Paul Ryan to Avoid the Battles of the Past While Repealing Obamacare

Rep. Paul Ryan (R-WI) presents his budget plan during a press conference at the U.S. Capitol on March 12, 2013 in Washington, DC.

Photo by Win McNamee/Getty Images

My colleague Matthew Yglesias is tearing through the House GOP budget proposal like a termite through balsa wood. I’m writing about the proposal in full today, a bit later, but Ryan’s well-built press conference—flanked by the Republican members of his committee and by screens playing Powerpoint presentations—was a controlled series of contradictions.

The first question from the press: Why did Ryan assume the tax revenues from the fiscal cliff deal? He’d voted for that deal, but he wanted lower rates.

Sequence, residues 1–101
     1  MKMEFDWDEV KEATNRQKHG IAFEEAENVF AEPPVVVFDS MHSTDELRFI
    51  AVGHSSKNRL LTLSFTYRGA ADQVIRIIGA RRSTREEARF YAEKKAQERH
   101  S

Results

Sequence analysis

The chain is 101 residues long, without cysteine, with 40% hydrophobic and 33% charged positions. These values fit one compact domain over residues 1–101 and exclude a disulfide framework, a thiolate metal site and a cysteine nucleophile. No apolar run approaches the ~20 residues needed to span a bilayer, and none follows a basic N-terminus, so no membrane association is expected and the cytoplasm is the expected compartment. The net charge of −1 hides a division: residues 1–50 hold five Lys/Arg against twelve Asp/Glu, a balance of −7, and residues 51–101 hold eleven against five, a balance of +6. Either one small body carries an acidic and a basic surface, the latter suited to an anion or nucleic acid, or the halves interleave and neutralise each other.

“We’re not going to refight the past,” said Ryan, “because we know that that’s behind us.” The “anti-growth tax code” would be replaced, in a manner to be dealt with by the Ways and Means Committee.

Second question: Why did the budget assume the repeal of the Affordable Care Act, given that this can’t happen while Barack Obama is president?

“We don’t like this law,” said Ryan. “More importantly we believe that this law is going to collapse under its own weight. Please know that when Americans see exactly what this law entails—they have not seen all these details—people who lose their health insurance, their jobs, they’re not going to like this law.”

So they won’t refight the past. They’ll stop the past from becoming the future.